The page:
Herewith,1 an2 essay3 on4 footnotes.5 Quote6: “Lomborg’s7 book,8The Skeptical Environmentalist,9 is10 carefully11 researched12 (2,93013 footnotes14!15).” So reads a line in a letter to the editor that criticized author Bill McKibben for basing his environmental concerns on “bad science which results in equally bad theology” (Century, May 1). The “good science,” to this letter-writer, is exhibited in Bjørn Lomborg’s “carefully researched” (2,930 footnotes!) book. The right theology, writes this reader, is “one of abundance, not scarcity.” Nature has a “resilient capacity to replenish itself. We ought not be anxious, but rather consider how nature arrays (and cares for) itself.”16
1 Of course, this essay is “herewith.” Where else would it be?
2 “An” signals something much more generic than does the definite article “the.” Check any book on grammar.
3 Technically, this is not an essay. It is a column with pretensions. It wants to be an essay, or an essay that is shrunk to a column, but in any case, it has kept its footnotes.
4 “On” can represent “in respect to” or it could refer to the footnotes being at the bottom and the essay being “on” them.
5 G. K. Chesterton or C. S. Lewis or Hilaire Belloc or someone else that we haul in when we are not doing careful research has said that footnotes can be interruptive: “like hearing a knock on the door downstairs while you are making love to your spouse.”
6 “Quote” signals that one is going to write something that warrants a footnote, and that one is fearful of charges of plagiarism.
7 Bjørn Lomborg, the Scandinavian scientist, is quoted regularly by the Wall Street Journal or anyone writing a “Me, Worry?” editorial against Al Gore’s An Inconvenient Truth. That gives Lomborg plenty of opportunities to be cited, since so many scientists are alerting us to the reality of global warming. Incidentally, “Lomborg” is not to be confused with “Limbaugh.”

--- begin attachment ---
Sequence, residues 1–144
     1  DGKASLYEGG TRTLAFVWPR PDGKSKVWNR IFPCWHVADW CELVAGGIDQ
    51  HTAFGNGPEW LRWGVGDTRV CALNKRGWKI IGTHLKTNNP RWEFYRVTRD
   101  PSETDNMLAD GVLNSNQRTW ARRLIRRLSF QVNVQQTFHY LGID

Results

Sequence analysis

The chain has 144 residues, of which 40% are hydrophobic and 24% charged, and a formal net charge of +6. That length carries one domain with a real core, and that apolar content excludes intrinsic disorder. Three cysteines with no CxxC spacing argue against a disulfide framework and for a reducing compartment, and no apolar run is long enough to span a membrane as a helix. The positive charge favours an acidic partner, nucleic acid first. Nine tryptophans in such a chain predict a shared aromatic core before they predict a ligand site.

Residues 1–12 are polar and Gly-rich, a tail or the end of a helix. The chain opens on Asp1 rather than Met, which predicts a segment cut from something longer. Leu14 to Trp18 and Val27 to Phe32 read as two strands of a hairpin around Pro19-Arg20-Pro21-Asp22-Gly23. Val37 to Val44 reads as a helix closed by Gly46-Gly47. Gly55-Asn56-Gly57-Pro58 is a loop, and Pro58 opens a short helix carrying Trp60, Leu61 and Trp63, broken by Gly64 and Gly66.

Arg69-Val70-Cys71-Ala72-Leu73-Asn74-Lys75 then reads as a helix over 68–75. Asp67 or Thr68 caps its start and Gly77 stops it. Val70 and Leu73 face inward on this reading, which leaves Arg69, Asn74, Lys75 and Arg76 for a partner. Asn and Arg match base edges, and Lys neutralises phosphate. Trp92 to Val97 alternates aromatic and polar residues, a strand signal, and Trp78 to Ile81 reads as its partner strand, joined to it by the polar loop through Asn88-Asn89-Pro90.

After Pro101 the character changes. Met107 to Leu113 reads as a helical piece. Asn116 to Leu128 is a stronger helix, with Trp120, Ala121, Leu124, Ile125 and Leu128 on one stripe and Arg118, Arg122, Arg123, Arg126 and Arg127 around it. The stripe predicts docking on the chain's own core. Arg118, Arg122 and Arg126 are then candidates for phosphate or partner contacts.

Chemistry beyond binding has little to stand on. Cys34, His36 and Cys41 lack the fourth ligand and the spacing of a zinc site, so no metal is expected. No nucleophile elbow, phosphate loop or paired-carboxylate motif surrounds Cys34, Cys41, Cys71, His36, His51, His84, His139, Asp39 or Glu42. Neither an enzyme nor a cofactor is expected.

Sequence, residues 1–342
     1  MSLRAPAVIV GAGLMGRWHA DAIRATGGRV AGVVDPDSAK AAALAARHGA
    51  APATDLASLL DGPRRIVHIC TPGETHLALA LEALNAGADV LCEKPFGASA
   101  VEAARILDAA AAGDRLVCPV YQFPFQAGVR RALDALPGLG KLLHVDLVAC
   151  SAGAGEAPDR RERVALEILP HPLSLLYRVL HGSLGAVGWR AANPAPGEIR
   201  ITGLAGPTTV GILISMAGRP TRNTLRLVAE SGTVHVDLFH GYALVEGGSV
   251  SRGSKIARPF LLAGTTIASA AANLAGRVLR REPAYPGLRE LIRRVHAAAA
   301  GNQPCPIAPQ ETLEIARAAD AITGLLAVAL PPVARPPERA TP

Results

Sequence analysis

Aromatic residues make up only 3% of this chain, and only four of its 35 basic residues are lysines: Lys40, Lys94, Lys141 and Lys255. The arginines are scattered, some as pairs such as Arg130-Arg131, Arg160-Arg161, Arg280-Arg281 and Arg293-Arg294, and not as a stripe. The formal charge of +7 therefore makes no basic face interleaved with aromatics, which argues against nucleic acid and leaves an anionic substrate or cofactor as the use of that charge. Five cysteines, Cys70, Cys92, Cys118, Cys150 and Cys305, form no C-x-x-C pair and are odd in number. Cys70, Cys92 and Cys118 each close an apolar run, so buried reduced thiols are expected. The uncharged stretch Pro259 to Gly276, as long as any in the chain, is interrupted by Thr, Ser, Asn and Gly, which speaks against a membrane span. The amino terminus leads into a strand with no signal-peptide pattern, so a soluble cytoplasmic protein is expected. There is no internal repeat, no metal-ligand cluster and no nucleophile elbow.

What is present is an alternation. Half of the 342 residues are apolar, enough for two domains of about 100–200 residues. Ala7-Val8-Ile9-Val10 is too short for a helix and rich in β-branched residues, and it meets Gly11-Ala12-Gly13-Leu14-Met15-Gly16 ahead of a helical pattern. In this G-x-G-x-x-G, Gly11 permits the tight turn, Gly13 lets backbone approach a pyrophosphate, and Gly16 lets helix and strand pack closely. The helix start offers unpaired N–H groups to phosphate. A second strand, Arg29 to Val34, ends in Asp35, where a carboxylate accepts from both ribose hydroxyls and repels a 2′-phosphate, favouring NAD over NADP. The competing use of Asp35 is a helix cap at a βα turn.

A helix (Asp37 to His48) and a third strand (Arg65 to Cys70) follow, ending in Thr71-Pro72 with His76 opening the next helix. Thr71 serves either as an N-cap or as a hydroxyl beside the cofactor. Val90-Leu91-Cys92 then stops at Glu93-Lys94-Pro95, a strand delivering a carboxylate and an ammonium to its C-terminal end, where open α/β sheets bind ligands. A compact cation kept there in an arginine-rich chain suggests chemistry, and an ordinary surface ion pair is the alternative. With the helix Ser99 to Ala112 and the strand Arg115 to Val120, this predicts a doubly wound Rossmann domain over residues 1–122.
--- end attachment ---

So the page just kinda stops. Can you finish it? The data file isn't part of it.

8 It’s a book; try getting 2,930 footnotes into an article.
9 2,930 footnotes comes to 976.666 for each word in the title.
10 “Is” is present tense, which means that the book with its 2,930 footnotes is still in print.
11 One must assume that anyone who is amassing 2,930 footnotes will take care to get all of them right. If one is a miscitation, the whole house of cards would fall.
12 This column is evoked by the columnist’s passion to make a point about footnotes. Whether or not they appear has little to do with scholarship and more with function. For instance, I once wrote a three-volume work, Modern American Religion, in which each of the hundreds of paragraphs is footnoted. One might say that I had nothing to say unless a primary or secondary source had left a trace.
13 This footnote is a continuation of the previous one, which was getting too long. Karl Barth’s book Christ and Adam is a book-length version of one of his longer footnotes—50,000 words, I believe—in his giant Kirchliche Dogmatik. He could do that because he had a score of big fat volumes to work with, and I have part of a page.
14 That reminds me that I am writing a mini-essay in footnotes on footnotes and their relative irrelevance when one wants to assess the scholarship of a book or essay. I once wrote a 500-page book, Pilgrim in Their Own Land, in which the publisher’s format did not allow a single footnote. Yet it took me three summers of writing through eight or nine drafts, based on 900 book sources.
15 This footnote refers to the exclamation point. I had a seminary professor who taught us to use the initials AWYLH at the margins of sermons on occasion; they refer to “Argument Weak: Yell Like Hell!” Exclamation points can serve such a purpose in a book of ideology and polemic.
16 I couldn’t resist one more footnote. May God’s people not buy into a theology in which they enjoy the abundance nature without committing themselves to caring for it—or what’s left of it.